In a year of paradigm shifts, I underwent one this year that — blessedly — had nothing to do with COVID-19. This past summer, baruch Hashem, I went from being a son-in-law to being a father-in-law as well. This new relationship has made me reflect on the wonderful connection I have with my wife’s father and made me think about how to foster such warmth with my daughter’s husband.
The Torah tells the stories of two fathers-in-law. One is Lavan, who married off two daughters to Yaakov back in parashat Vayetze. He then for years mistreated his son-in-law, thereby enshrining himself in the unofficial canon of “bad guys” of the Torah. The second father-in-law who appears (and who is identified as such thirteen times in this week’s parasha, which is then named for him) is Moshe’s father-in-law, Yitro.
The Torah emphasizes the warm relationship between Moshe and Yitro. Dr. Leon Kass notes that we read that Moshe kissed Yitro when the older man arrived with Moshe’s wife Tzipporah and their sons Eliezer and Gershom in tow, yet we know nothing of how Moshe greeted his wife and sons. Moshe and Yitro had something special. Indeed, according to Rashi, their relationship was a mutual lovefest: after Moshe’s success taking the people of Israel out of Egypt, Yitro proudly told people “I’m Moshe’s father-in-law;” before he became famous on his own, Moshe would tell people “Yitro is my father-in-law.”
Lavan clearly loved his daughters. He made sure that his older daughter Leah had a husband, even if he had to resort to trickery to do so. Yitro, who had seven daughters, loved his daughters too. After they left Moshe at the well of Midian, Yitro asked his daughters lama zeh azavten et ha-ish? “Why did you abandon this guy?” As Dads, Yitro and Lavan were great; but in their in-law relationships, Yitro succeeded where Lavan failed.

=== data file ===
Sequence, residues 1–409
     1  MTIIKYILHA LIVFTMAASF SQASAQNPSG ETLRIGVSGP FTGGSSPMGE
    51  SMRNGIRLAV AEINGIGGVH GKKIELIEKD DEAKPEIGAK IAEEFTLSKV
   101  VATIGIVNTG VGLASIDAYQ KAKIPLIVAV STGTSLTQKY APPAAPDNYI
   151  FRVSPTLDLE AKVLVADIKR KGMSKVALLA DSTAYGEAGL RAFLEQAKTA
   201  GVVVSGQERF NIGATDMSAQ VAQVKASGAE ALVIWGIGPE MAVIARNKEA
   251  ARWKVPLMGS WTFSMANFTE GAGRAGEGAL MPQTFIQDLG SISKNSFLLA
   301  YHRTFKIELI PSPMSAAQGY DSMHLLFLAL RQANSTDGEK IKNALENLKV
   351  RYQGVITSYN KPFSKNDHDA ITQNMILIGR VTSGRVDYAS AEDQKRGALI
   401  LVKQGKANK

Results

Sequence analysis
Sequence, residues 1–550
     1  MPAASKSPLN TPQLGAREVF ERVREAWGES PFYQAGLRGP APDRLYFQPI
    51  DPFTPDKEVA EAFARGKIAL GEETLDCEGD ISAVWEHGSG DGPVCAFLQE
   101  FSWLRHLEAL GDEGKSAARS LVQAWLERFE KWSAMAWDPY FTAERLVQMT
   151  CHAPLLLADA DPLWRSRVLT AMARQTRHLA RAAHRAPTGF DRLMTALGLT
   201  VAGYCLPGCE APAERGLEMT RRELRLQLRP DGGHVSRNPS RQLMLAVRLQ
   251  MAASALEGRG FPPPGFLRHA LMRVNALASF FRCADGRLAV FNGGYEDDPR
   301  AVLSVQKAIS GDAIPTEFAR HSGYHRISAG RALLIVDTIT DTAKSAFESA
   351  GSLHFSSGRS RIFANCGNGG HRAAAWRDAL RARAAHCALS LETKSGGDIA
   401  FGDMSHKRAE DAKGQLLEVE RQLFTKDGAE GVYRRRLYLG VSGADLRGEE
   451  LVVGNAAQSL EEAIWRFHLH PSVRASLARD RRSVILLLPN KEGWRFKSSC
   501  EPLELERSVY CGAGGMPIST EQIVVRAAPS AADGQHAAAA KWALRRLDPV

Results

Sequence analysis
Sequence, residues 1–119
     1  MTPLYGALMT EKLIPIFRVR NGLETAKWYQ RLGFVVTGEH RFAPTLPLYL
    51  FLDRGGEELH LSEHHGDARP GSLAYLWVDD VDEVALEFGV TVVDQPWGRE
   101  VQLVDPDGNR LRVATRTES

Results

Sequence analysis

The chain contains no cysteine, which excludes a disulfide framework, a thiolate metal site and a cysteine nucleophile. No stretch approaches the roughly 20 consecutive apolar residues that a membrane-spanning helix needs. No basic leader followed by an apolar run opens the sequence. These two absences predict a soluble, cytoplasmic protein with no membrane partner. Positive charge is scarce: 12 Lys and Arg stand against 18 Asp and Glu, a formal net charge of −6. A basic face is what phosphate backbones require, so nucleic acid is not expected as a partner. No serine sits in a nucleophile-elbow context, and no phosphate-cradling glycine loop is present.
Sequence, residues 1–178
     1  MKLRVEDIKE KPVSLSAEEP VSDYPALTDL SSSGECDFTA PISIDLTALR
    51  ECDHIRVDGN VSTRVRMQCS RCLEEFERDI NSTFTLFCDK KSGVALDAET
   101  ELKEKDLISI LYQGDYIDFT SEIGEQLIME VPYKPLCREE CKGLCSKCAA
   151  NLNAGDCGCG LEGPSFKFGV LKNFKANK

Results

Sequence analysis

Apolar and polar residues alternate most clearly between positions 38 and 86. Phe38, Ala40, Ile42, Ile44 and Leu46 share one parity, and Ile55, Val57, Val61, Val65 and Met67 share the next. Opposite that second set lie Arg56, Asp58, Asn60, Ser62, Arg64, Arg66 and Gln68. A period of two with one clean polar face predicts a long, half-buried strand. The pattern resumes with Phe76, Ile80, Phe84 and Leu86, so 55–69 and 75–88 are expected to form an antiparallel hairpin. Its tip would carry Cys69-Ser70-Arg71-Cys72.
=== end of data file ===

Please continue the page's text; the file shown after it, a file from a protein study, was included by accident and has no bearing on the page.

Yitro offered Moshe key advice, telling him to set up a system of higher and lower courts so that Moshe himself would not have to sit in judgment each day from morning till night. But Yitro did not force this advice on Moshe: rather, he first asked Moshe what he was doing. Then he listened to Moshe’s response. And then — only then — did Yitro tell Moshe, lo tov ha-davar asher ata oseh, “what you’re doing isn’t a good thing.” Yitro could then give Moshe his opinion.
Dr. Kass, in the wonderful close reading he offers in his Founding God’s Nation: Reading Exodus, points out that the phrase of va-yavo Yitro, “Yitro approached,” echoes the words of va-yavo Amalek that appeared at the end of last week’s Torah reading. Both Yitro and Amalek were outsiders who approached the people of Israel. One came to do battle; the other came to offer support, a listening ear, and, ultimately, good advice. We in-laws come from the outside. We want to connect. And the key to a close and warm relationship is the asking and the listening, not the telling or the giving of advice — and definitely not the battles. This is true for us as in-laws, but also works for any other important relationships that we seek to cultivate.
With God’s help, maybe we can all be a little like Yitro.